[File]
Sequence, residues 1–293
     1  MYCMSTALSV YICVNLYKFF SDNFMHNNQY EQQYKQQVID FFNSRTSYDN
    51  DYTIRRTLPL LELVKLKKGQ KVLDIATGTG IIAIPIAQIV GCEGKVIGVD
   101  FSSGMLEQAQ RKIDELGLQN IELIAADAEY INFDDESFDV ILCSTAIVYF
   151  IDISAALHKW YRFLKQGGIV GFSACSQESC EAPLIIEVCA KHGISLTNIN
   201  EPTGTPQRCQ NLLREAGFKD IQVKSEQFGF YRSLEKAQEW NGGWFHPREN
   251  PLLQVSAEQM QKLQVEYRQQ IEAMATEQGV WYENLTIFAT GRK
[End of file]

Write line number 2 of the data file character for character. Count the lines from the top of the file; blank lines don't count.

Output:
     1  MYCMSTALSV YICVNLYKFF SDNFMHNNQY EQQYKQQVID FFNSRTSYDN